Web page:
Blink and it seems a new ransomware group has taken an enterprise hostage. With ransomware and other cyber threats evolving and the attack surface constantly expanding, CISOs and security leaders are acutely aware of the need to minimize risk across people, processes, and technology. Trend Micro’s Jon Clay, VP of threat intelligence and Ed Cabrera, chief cybersecurity officer, discuss the importance of addressing the people element of security to minimize cyber risk.
Top infrastructure risk: people
It’s common knowledge that it’s not if but when your organization will be the target of a cyberattack. CISOs and security leaders seem to share the same opinion—according to Trend Micro’s latest Cyber Risk Index (2H’2021), 76% of 3,400 respondents across four global regions said its very likely they will experience a cyberattack in the next 12 months.
It’s important to note that while ideal, avoiding a cyberattack isn’t the main goal—companies need to address critical challenges across their growing digital attack surface to enable faster detection and response, therefore minimizing cyber risk.
It's commonly assumed that security efforts should be largely focused on protecting critical servers and infrastructure, and while this is certainly important, the human attack vector shouldn’t be so quickly forgotten.
The Cyber Risk Index (2H’2021) also found that CISOs, IT practitioners, and managers identified “mobile/remote employees” as the top infrastructure risk; “cloud computing infrastructure and providers” came second.
In a recent discussion, Trend Micro’s Jon Clay, VP of threat intelligence, and Ed Cabrera, chief cybersecurity officer, dig into the report’s findings and discuss strategies to better manage people to minimize cyber risk.
Managing people to manage cyber risk
Security leaders have good reason to be concerned about the risk mobile/remote employees pose to their infrastructure.
“The people part of the equation is overlooked so much,” Cabrera said, “You can look at any breach out there…and you see people and the breakdown possibly of someone either being exposed to a social engineering attack, be it phishing or smishing.”
With remote/hybrid employees accessing applications, networks, and servers via the cloud, oftentimes from multiple devices sharing an unsecure home network, enterprises are rightfully concerned with risk exposure. Factor in the dramatic 65% increase in business email compromise (BEC) scams since 2019, it’s paramount to secure the human attack vector to prevent malicious actors from accessing critical infrastructure.
Cabrera also noted that people are involved from a vulnerability standpoint as well. Even if an employee doesn’t physically click a malicious URL, there is a people component when it comes to proper vulnerability management. For example, are security personnel staying informed of the latest tactics, techniques, and procedures (TTPs) of prominent threat actors? Are they trained to optimize the security stack for investigation, detection, and response?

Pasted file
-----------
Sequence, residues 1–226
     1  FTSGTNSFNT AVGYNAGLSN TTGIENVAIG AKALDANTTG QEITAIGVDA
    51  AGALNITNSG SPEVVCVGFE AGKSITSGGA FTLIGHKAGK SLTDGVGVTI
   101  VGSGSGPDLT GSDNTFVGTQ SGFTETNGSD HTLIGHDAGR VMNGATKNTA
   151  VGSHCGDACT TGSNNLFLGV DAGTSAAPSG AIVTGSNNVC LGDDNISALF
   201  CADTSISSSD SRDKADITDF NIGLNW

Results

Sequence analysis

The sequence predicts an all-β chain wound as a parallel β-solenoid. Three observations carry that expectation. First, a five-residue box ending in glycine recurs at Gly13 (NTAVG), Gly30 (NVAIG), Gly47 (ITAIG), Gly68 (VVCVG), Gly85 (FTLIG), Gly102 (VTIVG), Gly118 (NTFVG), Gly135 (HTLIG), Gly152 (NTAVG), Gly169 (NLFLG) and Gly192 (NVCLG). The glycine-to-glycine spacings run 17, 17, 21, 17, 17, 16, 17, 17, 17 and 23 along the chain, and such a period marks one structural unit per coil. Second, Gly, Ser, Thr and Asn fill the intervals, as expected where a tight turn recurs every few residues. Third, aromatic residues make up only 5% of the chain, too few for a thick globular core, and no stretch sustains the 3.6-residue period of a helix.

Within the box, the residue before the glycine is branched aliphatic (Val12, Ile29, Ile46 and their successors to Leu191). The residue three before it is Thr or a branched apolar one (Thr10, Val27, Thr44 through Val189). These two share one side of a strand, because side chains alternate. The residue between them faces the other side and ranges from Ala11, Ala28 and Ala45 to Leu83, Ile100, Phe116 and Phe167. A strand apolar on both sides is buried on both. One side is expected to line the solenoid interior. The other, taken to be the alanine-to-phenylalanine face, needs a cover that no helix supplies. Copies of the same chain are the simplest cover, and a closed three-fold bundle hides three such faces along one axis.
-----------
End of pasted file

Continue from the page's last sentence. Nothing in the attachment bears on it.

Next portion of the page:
Evidently, managing people should go beyond user awareness training regarding business email compromise (BEC) scams, phishing, smishing, etc. CISOs and security leaders must also ensure they have the right teams within their cybersecurity program with the right skill sets and that those skills are properly maintained as threats evolve.
However, hiring the right staff can be challenging due a growing cybersecurity workforce gap and the fact that some enterprises may not have the resources to recruit a large team. Choosing a vendor that offers managed services is an effective way to augment teams while maximizing security posture.
Beyond general cyber hygiene, skills training, or leveraging managed services, Cabrera suggests drilling down into processes since it’s “people that actually create and manage these processes.”
Enhancing cybersecurity processes
After establishing a strong security team, the focus should shift to cementing processes that keep people in check. This is especially crucial with remote/hybrid workforces; with users more widespread and left to their own devices (pun intended), it can be challenging to know who you need to secure. As the adage goes: “you can’t stop what you can’t see.”
To identify the users within your network, you’re essentially identifying the attack surface according to Cabrera. After security teams have achieved comprehensive visibility across the attack surface, they can establish processes to manage and monitor users’ identities by deploying a zero trust model.
Leveraging a zero trust approach ensures that access is validated and continuously monitored for suspicious activity to prevent cybercriminals from using legitimate credentials to move undetected across the network.
Cabrera suggests taking a risk-based approach to security is more effective than a compliance-based approach.
“Compliance is the starting line,” Cabrera said, “In other words, you’re not just thinking about ‘hey, what are we doing about compliance?’ We need to identify that risk…what are the basic elements of that risk. So, we can actually mitigate it before it gets out of control or to make it more manageable.”
Now that we’ve covered how to effectively manage people and processes, CISOs and security leaders need to consider that even the best and well-intended teams can come up short if the right security technology isn’t in place.
Look for a unified cybersecurity platform like Trend Micro One that is designed to help security teams better understand, communicate, and mitigate cyber risk across the enterprise. Its capabilities and features, like automation, third-party integrations, customizable APIs, detailed reports and risk insights, were purposefully created to simplify security for users while maximizing protection.
To learn more about managing and minimizing cyber risk as well as the benefits of leveraging a unified cybersecurity platform, check out these resources: